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Hypoxia and oxygen therapy 3

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Hypoxia and oxygen therapy 3

  1. 1. HYPOXIA AND OXYGEN THERAPY PRESENTER : DR ANURADHA MODERATOR : DR SHAILA KAMATH
  2. 2. QUICK DEFINITION OF HYPOXIA <ul><li>INADEQUATE O2 SUPPLY TO THE BODY TISSUES </li></ul><ul><li>(ENTIRE BODY) OR (LOCALIZED REGION) </li></ul>HYPOXIA MEANS
  3. 3. SYMPTOMS OF HYPOXIA <ul><li>DEPEND ON: </li></ul><ul><li>RAPIDITY AND SEVERITY </li></ul><ul><li>OF THE </li></ul><ul><li>DECREASE OF ARTERIAL Po2 </li></ul>
  4. 4. <ul><li>1) FULMINANT hypoxia </li></ul><ul><li>(Arterial Po2<20mmHg) </li></ul><ul><li>(eg.aircraft loses cabin pressure above 30,000 feet and no supplemental O2 available) </li></ul><ul><li>Occurs in seconds Unconsciousness in 15-20 sec </li></ul><ul><li>Brain death in 4-5 min </li></ul><ul><li>2) ACUTE hypoxia </li></ul><ul><li>(25mmHg<Arterial Po2<40mmHg) </li></ul><ul><li>(eg.altitudesof 18,000-25,000 feet) </li></ul><ul><li>Symptoms similar to those of ethyl alcohol(lack of coordination,slowed reflexes,overconfidence) </li></ul><ul><li>Unconsciousness </li></ul><ul><li>Coma and death(in minutes to hours) </li></ul><ul><li>if the regulatory mechanisms of the body are inadequate </li></ul>eventually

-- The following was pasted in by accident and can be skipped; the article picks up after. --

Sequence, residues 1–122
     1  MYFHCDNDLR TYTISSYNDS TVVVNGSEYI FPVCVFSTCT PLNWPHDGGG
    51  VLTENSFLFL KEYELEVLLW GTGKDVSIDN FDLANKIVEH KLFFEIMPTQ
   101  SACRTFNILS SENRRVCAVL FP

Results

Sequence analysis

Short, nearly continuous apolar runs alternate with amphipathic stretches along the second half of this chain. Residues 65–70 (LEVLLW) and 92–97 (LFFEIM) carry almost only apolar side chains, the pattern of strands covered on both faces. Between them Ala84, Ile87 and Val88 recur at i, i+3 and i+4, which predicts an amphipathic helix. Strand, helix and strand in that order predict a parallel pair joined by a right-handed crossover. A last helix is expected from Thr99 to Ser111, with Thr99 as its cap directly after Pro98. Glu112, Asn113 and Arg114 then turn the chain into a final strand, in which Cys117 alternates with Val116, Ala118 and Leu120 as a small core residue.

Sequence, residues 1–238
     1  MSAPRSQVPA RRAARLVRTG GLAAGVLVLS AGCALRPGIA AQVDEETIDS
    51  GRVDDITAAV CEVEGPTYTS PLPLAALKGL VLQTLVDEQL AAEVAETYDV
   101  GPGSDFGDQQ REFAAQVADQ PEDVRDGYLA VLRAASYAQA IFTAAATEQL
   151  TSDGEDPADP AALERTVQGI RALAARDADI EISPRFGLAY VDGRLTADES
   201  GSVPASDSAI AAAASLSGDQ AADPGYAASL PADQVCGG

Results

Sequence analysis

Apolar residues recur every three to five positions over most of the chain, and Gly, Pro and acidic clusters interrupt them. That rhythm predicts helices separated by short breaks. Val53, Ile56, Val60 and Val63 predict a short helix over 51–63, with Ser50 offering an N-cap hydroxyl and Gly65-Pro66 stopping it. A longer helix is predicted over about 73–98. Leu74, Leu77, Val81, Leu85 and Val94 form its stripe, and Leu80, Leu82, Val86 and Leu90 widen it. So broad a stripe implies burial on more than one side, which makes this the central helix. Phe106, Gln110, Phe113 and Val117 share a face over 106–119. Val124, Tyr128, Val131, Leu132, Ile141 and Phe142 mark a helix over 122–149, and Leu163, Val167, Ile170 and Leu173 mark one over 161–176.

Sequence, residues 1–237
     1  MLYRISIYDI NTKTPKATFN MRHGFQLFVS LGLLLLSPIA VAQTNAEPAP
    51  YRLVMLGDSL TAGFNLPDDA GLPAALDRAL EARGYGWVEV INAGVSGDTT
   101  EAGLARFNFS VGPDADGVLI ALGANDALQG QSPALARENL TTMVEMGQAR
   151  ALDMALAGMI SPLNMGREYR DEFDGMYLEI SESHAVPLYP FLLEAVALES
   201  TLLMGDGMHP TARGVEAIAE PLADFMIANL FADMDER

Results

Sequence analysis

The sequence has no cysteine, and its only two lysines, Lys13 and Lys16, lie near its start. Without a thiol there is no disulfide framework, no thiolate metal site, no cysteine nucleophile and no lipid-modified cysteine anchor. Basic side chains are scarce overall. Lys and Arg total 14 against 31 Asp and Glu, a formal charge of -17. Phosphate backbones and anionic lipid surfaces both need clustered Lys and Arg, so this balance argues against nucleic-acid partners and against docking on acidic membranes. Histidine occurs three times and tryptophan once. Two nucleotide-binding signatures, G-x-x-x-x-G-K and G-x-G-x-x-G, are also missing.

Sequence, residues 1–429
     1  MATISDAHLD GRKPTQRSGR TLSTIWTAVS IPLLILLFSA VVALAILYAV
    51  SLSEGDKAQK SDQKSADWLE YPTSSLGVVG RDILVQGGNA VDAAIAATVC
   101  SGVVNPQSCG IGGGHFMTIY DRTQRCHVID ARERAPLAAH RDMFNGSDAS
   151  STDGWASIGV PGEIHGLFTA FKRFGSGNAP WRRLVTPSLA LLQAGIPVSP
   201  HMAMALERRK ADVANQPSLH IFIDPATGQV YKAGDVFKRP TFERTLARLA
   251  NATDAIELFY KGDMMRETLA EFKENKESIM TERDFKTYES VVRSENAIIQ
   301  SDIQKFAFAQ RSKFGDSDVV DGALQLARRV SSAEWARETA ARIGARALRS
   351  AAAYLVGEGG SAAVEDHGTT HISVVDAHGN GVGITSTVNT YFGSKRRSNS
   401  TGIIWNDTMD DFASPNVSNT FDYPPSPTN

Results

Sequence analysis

5. 5. <ul><li>3) CHRONIC hypoxia </li></ul><ul><li>(40mmHg<Arterial Po2<60mmHg) </li></ul><ul><li>(eg.at altitudes of 10,000-18,000 feet for extended periods of time) </li></ul><ul><li>FOR EXTENDED PERIODS OF TIME!!! </li></ul><ul><li>Most clinical causes of hypoxia are in these category </li></ul><ul><li>Symptoms similar to those of severe fatigue </li></ul><ul><li>DYSPNEA </li></ul><ul><li>SHORTNESS OF BREATH </li></ul><ul><li>+ </li></ul><ul><li>RESPIRATORY ARRHYTHMIAS </li></ul>
  6. 6. SIGNS OF HYPOXIA <ul><li>1. Cyanosis (bluish color of tissue) </li></ul><ul><li>caused by more than 5g of deoxyhemoglobin/dl in capillary blood(or less than 13ml O2 per 100ml of blood) </li></ul><ul><li>NOT RELIABLE SIGN OF HYPOXIA!!! </li></ul><ul><li>ANEMIC PATIENTS never develop </li></ul><ul><li>cyanosis but are extremely hypoxic </li></ul><ul><li>PATIENTS WITH POLYCYTHEMIA may be </li></ul><ul><li>cyanotic but they are perfectly oxygenated </li></ul><ul><li>Tachycardia </li></ul><ul><li>(peripheral chemoreceptor reflex response to Po2 ) </li></ul><ul><li>3. Tachypnea and Hyperpnea (arterial chemoreceptor reflex response to Po2 ) </li></ul>
  7. 7. TYPES OF HYPOXIA